A lawyer representing three members of a housing advocacy group says a Park Heights property manager is showing them one set of numbers and rent court judges another.
Zafar Shah, staff attorney with the Public Justice Center, says Sage Management goes “by the book” in rent court, but never reveals “agents fees” it charges tenants who are late on their rent. Those fees, which have left some tenants thousands of dollars in debt, are illegal in Maryland.
“In landlord/tenant matters before a district judge, a plaintiff landlord is not going to be able to try to collect additional agent fees,” says Shah.
The Public Justice Center, with assistance from the law firm of Goldman and Minton, has filed a class action lawsuit on behalf of Detrese Dowridge, Trachelle Speaks and Shonda Billings – Sage tenants and members of the Right to Housing Alliance –seeking more than $75,000 in damages.
Maryland law allows landlords to collect late fees – capped at five percent of monthly rent – and court fees. The housing alliance suit alleges that Sage Management illegally charged “agent fees.” It is open to past and present tenants of Sage properties going back to 2004, many of whom were charged hundreds in court and agent fees.
Richard Abramson, a leasing manager and voucher specialist with Sage Management, declined to comment for this story on behalf of the company.
Speaks, one of the plaintiffs, holds a Section 8 voucher from the Baltimore housing authority. She has rented an apartment in Kernan Gardens, on Forest Park Avenue, since 2009. She fell behind on her share of the rent, $296, in March 2012. When she caught up on her rent a year later, Sage claimed she owed another $1,300 in back fees.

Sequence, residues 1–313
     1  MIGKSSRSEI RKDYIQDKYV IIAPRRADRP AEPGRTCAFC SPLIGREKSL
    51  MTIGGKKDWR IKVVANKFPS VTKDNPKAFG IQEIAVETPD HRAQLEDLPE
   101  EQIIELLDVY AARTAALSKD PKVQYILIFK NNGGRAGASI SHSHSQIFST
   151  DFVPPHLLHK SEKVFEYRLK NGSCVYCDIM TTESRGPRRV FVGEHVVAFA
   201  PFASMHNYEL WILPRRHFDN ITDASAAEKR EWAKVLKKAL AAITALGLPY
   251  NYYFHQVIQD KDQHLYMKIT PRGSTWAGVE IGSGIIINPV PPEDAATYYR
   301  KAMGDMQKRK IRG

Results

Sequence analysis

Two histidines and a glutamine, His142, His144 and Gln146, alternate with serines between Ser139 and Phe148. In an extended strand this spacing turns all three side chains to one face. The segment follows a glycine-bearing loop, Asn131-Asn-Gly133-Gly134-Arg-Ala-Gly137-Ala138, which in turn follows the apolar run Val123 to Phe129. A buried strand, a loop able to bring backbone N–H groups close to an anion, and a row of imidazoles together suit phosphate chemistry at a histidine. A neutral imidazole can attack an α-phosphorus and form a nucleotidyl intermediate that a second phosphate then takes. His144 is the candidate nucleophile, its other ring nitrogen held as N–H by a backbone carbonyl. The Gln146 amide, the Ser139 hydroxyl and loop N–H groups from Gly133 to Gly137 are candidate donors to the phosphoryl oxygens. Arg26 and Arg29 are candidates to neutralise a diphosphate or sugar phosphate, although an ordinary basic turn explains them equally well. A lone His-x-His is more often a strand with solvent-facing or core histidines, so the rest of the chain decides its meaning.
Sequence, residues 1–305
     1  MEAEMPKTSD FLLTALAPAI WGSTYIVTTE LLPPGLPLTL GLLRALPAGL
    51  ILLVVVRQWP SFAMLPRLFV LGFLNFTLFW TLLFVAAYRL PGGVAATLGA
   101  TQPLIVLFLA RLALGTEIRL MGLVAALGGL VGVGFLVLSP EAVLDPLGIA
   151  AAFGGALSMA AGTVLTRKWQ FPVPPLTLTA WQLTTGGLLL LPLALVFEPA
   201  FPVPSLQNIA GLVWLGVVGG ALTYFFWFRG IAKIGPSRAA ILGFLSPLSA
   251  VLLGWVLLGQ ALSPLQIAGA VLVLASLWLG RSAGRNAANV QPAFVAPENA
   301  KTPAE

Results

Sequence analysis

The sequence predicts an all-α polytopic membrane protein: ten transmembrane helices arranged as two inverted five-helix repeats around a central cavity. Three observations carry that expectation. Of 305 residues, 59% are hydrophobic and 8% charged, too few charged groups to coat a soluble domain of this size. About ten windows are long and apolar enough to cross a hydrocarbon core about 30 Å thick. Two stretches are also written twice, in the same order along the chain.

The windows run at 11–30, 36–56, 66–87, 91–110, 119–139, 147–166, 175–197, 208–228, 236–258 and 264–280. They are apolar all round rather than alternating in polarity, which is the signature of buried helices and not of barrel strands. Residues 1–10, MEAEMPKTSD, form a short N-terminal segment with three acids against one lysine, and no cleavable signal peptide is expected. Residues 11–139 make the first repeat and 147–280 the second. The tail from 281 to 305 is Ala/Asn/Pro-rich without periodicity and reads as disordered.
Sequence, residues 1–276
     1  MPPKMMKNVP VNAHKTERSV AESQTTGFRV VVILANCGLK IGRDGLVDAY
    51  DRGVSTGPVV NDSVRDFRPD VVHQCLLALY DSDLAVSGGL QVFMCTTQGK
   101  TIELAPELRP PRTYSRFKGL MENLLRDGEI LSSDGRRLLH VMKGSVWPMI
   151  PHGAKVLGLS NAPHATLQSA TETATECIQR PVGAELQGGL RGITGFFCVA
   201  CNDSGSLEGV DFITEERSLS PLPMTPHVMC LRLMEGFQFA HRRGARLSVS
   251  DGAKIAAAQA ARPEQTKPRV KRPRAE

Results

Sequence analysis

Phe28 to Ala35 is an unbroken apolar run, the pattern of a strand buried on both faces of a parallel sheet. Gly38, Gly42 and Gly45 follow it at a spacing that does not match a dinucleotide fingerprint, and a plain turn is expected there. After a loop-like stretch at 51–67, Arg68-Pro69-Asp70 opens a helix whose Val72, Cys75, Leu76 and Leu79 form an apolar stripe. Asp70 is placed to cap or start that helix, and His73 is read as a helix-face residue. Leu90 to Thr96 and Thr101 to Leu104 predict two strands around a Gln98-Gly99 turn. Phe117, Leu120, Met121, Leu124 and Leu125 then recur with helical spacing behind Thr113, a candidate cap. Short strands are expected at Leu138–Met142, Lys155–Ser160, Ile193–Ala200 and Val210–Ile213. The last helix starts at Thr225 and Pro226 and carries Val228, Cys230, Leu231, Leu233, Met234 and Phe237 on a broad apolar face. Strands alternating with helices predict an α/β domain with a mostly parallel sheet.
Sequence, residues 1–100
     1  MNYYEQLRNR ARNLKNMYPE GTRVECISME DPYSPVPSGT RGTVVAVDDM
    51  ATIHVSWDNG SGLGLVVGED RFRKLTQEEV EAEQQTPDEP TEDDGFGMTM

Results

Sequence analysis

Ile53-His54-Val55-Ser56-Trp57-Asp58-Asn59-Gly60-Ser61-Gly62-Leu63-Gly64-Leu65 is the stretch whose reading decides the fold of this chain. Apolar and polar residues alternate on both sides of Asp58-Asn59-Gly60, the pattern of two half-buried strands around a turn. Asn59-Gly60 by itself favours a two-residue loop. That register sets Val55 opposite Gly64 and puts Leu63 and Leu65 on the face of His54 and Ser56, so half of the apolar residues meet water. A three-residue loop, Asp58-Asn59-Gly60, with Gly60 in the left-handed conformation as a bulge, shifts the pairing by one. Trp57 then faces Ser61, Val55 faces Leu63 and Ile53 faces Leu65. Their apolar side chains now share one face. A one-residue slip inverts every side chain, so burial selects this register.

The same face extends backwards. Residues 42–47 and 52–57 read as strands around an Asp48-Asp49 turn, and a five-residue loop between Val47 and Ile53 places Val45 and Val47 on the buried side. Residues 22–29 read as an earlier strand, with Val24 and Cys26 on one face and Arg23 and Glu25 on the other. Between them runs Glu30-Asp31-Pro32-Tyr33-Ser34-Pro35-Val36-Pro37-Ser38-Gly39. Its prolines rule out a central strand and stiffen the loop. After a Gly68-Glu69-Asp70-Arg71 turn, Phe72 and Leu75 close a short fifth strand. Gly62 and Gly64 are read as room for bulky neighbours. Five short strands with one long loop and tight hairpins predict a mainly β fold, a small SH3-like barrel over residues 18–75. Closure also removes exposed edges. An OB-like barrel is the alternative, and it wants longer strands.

“I don’t know how the fees increased like they did and they kept on increasing and increasing,” she says. And she says she no one in the rental office would explain the fees to her.
Dowridge has lived at Park Lane Apartments in Park Heights, another Sage property, for the last five years. She works two jobs to pay her rent while attending school to become a pharmacy tech and caring for her son. She fell behind on her rent twice in 2011, but later got on track. Nonetheless, last June the company claimed she still owed more than $2,000 in court and agent fees.
“I complained about it but they would give me this story about how they have the right to do that,” says Dowridge.
The Right to Housing Alliance says more than 50 tenants sent a certified letter to Sage officials in January asking the company to stop “accounting practices [they] believe are predatory and in violation to [city and state laws].” The letter also demanded an audit of all of the books, a refund on the agent fees and mold and pest remediation at their properties.
Gordon Horwitz, owner of Sage Management, did not respond to the letter.